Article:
BOGOR, Indonesia (Reuters) - Indonesia's recently re-elected President Joko Widodo on Sunday outlined his vision for a second term, pledging faster infrastructure development and more investment opportunities to create jobs and growth in Southeast Asia's biggest economy.
Hampered by soft commodity prices, Indonesia has struggled to lift growth above 5% in recent years even amid a boom in infrastructure building aimed at unlocking bottlenecks and distributing wealth outside the populous island of Java.
In a rally attended by thousands of supporters, Widodo said infrastructure development - a key agenda in his first term - would be accelerated to connect ports and airports across the archipelago to agricultural and tourism centres.
He also emphasised plans to improve human resources in a country that is lagging some of its neighbours in developing a skilled workforce.
This would include investing in vocational schools and creating an institution to manage Indonesian talent, as well as tapping the skills of those who settled overseas, he said.
Widodo also promised to open up investment opportunities in a country where red tape and vested interests remain a potent force discouraging foreign capital.
"Don't be allergic to investment. It will create as much employment as possible," he said.
Despite improvements in Indonesia's ranking on the World Bank's ease of doing business index, Widodo has conceded there remain too many obstacles to starting a business.
In May, Widodo said his government had cut to 58 from 259 the number of permits required for power plant investment, but he wants the figure cut to five.
To achieve that, he promised to reform the country's unwieldy bureaucracy.
"Speed of service, speed of giving out permits, are the keys to bureaucratic reform," Widodo said.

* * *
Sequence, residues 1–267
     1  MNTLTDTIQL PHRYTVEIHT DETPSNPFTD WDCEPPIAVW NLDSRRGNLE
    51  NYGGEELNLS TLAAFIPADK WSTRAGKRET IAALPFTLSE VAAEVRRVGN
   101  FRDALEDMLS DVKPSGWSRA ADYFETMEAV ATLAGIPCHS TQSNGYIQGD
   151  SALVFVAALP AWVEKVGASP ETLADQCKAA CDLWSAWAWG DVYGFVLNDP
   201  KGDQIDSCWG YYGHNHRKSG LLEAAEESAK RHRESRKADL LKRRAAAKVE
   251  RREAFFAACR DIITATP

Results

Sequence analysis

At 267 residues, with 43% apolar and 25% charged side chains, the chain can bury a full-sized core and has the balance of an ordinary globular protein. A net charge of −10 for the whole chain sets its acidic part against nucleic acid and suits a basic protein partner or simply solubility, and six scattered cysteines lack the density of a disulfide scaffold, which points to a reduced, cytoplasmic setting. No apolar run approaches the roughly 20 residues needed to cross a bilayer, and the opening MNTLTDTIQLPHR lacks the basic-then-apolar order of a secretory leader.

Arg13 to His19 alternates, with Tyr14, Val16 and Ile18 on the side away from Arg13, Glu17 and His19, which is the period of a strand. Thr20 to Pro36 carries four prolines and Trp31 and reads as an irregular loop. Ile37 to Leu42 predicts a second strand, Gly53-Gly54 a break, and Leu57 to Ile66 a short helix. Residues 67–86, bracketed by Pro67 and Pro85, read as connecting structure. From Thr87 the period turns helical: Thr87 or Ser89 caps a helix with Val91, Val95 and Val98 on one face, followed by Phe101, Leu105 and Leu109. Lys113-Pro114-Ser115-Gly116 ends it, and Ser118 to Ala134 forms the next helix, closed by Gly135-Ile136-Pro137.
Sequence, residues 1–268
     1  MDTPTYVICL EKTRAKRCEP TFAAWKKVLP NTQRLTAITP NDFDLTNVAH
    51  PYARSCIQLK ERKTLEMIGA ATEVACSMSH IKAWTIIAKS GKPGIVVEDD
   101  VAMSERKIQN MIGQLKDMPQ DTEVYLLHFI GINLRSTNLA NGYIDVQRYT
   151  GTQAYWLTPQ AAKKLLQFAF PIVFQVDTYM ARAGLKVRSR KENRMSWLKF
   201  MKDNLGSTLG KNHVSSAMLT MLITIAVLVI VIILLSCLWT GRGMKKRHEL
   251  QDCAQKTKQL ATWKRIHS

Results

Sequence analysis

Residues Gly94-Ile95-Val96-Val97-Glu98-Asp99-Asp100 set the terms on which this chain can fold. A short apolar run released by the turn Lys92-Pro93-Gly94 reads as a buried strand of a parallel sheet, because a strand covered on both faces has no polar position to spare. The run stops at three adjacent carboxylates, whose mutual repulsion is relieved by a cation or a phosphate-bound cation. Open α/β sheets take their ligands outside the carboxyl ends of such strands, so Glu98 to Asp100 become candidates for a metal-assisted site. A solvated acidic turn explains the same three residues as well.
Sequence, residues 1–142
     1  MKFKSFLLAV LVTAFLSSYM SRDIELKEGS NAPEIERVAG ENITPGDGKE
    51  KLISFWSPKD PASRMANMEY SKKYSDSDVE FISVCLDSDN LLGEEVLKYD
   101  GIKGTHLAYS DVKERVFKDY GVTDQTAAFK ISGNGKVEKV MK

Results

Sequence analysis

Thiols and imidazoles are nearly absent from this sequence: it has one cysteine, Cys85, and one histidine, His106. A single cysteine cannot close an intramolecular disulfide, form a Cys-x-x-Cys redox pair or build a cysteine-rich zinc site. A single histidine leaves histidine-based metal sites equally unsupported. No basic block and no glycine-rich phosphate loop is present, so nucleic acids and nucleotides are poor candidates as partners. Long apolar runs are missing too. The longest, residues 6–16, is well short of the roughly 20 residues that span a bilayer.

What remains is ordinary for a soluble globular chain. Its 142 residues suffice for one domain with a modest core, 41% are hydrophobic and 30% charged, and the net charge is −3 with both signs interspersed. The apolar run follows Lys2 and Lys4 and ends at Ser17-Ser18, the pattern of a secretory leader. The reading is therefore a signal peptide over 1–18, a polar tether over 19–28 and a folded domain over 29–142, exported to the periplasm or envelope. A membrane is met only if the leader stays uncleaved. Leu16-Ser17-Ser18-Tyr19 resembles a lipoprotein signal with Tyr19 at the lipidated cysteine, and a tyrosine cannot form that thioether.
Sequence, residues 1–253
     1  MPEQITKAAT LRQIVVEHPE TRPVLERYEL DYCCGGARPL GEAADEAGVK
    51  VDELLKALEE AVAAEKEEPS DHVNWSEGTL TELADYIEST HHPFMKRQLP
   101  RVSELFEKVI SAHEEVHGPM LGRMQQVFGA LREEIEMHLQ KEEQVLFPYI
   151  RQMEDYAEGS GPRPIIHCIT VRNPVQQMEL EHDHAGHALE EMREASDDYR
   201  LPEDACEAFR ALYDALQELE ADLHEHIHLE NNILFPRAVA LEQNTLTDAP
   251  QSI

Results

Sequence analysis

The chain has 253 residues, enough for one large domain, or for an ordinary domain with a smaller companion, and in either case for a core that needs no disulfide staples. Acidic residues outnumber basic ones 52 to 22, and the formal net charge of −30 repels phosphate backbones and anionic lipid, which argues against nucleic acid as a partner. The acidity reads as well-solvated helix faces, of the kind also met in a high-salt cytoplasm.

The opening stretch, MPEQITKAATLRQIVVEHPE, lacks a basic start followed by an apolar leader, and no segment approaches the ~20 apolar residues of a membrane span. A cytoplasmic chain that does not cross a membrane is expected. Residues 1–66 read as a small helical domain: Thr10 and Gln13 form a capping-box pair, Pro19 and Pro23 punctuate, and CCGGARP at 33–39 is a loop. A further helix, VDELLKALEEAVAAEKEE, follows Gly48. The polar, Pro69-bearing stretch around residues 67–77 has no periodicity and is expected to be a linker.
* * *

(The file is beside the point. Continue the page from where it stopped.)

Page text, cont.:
"When I see there is an inefficiency or lack of effectiveness, I will remove it, fire the official," he said, to roars of approval from the crowd, adding he would disband institutions that were not useful.
Andreas Sustiono, a 48-year old from a town near Jakarta, who was attending the rally, said it was exhausting dealing with Indonesia's red tape.
On Sunday, Widodo, also called for unity among Indonesians following a bruising election that saw some of the worst outbreaks of civil unrest in the capital for decades.
Indonesia's Constitutional Court last month confirmed the victory of Widodo in April's election, rejecting claims of widespread cheating by his challenger.
On Saturday, Widodo met his challenger Prabowo Subianto for the first time in public since his re-election during which the retired general congratulated the president and also called for unity.
"The responsibilities borne by the president are great. For the sake of the people, we are ready to help when needed," Prabowo told reporters.
(Additional reporting by Angie Teo and Tabita Diela; Writing by Fransiska Nangoy; Editing by Ed Davies and Louise Heavens)